Oct 26, 2007|
Markets: What the 'long-term' has in store?
In a move to slam brakes on the flows of anonymous foreign capital, the Securities and Exchange Board of India (SEBI) proposed a number of restrictions that will effectively spell doom for the thriving participatory note (PN) activity in the stock market. While the gyration of the benchmark indices on the bourses in response to this development was well anticipated, what we failed to reckon is the necessity of retail investors to panic in such situations.
The fact that we are uncomfortable with the BSE-Sensex moving up to 19,000 levels and are not particularly jubilant at stocks meeting their three-year target prices at an unusually feverish pace has been adequately cited by us in the past. What we herein wish to explain is the rationale as to why keeping one's serenity at such times, yields favourable results in the longer term.
Current investment scenario
A noteworthy feature of the ongoing structural transformation of the Indian economy is the significant increase in domestic saving and investment rates. Domestic investment rate increased from 24.3% in FY01 to 33.8% in FY07 and domestic saving rate from 23.7% in FY01 to 32.4% during FY07. The household sector continued to be the major contributor to gross domestic saving with its saving rate placed at 22.3% in FY07, while on account of rise in profit, the saving rate of private corporate sector rose to 8.1% in this fiscal. The public sector, which started posting positive saving beginning FY04, recorded a saving rate of 2.0% in FY07 on account of continuing fiscal improvement as against a negative saving rate of 1.7% in FY01. However, it may be noted that over 95% of investment is financed by domestic savings.
Given the fact that Indian per capita income is increasing rapidly and policy efforts towards financial deepening for achieving a more inclusive growth are underway, savings rate in India could even rise further in the medium to long term. It is also expected that the level of saving rates should help continue to finance the investment needs of the economy domestically, without undue dependence on foreign savings. But more importantly, one needs to look at the composition of such investments rather than just at the larger picture. Despite having one of the most advanced systems in place for trading in equities, Indians invested barely 6.2% of their total corpus in equity and equity-related instruments (mutual funds) in FY07.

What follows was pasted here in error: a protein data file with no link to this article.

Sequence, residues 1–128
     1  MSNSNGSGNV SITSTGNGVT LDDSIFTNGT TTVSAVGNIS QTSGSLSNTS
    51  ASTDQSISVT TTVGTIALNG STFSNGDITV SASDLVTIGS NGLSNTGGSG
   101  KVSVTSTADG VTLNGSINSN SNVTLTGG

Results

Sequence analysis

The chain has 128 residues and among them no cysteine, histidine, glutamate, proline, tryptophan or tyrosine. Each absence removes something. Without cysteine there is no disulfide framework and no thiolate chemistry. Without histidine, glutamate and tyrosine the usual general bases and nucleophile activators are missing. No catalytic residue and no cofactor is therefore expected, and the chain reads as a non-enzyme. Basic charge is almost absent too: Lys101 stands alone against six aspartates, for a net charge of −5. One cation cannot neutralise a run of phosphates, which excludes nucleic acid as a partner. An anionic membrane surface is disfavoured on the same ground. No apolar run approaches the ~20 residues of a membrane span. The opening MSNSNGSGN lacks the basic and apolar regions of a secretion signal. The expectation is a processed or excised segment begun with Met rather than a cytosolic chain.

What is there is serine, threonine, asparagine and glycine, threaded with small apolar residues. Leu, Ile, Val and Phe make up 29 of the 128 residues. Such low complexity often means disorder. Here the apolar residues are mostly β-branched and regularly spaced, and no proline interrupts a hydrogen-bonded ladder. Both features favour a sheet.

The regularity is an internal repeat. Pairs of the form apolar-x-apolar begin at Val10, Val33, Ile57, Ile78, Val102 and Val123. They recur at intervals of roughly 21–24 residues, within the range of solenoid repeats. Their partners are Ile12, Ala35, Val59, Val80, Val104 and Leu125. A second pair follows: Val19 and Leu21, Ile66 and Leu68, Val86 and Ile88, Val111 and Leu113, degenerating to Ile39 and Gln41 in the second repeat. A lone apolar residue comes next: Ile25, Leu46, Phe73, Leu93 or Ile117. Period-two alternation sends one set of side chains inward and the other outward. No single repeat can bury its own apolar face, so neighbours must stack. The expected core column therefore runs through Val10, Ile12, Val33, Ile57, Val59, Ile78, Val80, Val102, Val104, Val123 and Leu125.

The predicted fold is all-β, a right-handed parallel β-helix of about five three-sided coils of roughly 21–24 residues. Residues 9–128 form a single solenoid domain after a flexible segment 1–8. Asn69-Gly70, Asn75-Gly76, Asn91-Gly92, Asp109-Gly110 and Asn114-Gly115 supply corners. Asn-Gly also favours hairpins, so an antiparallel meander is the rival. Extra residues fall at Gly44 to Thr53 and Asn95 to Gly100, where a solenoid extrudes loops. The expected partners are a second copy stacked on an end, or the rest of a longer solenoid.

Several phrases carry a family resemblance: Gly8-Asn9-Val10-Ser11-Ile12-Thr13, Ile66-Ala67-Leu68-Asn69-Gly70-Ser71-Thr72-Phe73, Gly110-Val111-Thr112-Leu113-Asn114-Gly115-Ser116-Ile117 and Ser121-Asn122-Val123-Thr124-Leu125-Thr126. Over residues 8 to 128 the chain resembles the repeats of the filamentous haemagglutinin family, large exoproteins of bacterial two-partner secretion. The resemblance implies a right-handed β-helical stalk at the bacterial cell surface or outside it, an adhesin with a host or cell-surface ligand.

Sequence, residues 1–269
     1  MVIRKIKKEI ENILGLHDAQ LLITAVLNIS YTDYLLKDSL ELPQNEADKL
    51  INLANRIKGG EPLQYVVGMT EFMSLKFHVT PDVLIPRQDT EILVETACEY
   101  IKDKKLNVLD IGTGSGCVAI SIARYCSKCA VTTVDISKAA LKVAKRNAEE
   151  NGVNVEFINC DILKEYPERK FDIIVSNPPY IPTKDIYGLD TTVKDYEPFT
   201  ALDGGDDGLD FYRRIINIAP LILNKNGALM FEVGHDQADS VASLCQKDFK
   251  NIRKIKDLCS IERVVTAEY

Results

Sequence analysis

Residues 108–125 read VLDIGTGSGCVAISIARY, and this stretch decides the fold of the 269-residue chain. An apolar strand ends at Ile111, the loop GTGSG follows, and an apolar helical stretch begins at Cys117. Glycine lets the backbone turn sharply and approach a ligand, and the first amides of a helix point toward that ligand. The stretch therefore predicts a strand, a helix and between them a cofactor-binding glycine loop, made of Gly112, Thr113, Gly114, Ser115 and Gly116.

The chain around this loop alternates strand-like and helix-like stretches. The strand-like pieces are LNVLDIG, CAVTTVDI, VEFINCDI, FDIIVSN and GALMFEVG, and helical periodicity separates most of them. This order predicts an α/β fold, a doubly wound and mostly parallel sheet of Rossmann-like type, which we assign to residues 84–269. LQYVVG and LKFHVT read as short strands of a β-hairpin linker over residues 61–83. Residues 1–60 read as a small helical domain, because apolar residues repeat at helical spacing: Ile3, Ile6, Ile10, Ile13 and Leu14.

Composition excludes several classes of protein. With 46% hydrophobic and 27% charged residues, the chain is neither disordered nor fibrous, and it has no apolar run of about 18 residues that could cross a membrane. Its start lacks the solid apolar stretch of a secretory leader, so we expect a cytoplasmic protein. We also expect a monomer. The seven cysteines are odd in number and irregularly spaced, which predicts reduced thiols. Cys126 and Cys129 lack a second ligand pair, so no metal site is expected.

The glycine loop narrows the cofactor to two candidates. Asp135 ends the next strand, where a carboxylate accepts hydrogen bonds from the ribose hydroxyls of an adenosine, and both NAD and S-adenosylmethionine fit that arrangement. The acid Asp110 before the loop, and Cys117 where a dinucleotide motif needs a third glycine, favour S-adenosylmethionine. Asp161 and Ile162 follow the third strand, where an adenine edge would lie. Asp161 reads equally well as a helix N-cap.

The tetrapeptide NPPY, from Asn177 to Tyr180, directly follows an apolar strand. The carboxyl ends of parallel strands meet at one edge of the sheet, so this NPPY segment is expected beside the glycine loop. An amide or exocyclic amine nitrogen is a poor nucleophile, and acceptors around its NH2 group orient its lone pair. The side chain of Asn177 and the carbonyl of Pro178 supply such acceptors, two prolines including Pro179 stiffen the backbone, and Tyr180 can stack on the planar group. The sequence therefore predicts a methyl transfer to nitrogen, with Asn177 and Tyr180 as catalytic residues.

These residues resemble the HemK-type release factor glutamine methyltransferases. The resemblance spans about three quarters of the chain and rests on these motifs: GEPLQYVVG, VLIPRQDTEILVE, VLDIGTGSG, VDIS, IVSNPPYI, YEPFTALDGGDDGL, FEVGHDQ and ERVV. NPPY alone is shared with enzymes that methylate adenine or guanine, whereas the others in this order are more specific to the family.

Exposure to equities
At the end of June 2007, demat accounts with premier depository National Securities Depository Ltd (NSDL) stood at 8 m while that the other depository Central Depository Services Ltd (CDSL) was 2.3 m accounts, making the total demat accounts in the country at over 10 m (0.003% of the population living in urban areas). Further, there are over 1.1 m account holders with NSDL who own shares in their accounts but yet to activate their accounts following the PAN requirement.
Despite the fact that financial services accounted for nearly 14% of the country's GDP in FY07, equities and mutual funds formed barely 1.2% of the GDP (at market prices) in FY07. As against this fixed income securities such as bank FDs, PPF and pension funds formed a sizeable 11.9% of the GDP.
The fact that the lending rates moved to considerably lower range in the past decade (despite the recent hardening) led to higher incremental demand for credit (incremental credit deposit ratio was over 100% in FY06 and over 90% in FY07), which in turn impacted the penetration levels. To put things in perspective, while 70% of the total bank credit was lent at rates between 14% and 18% per annum in FY01, less than 10% of the bank assets are locked at such high rates today. However, the penetration statistics reveal a different story if you look at the per capita accessibility of credit. Despite the credit growth in FY06 and FY07 being robust for banks, the same merely helped the growth in per capita distribution of credit rather than credit per branch. Although the historical trend shows a direct association between the two variables, they have moved in tangential directions over the last two fiscals. This implicates that there has been credit concentration rather than penetration. The same holds true for exposure to equities, which having increased in absolute terms, have nonetheless, remained concentrated in a few hands.
Existing low penetration levels, increasing affordability of credit and rising income levels have led to a growing demand for retail financial products, leaving India with a substantial retail investor base having a large pool of untapped surplus funds. The same, we believe has the potential to replace the 'anonymous foreign capital' (through P notes), in case the latter chose to take a flight back to their source destinations.
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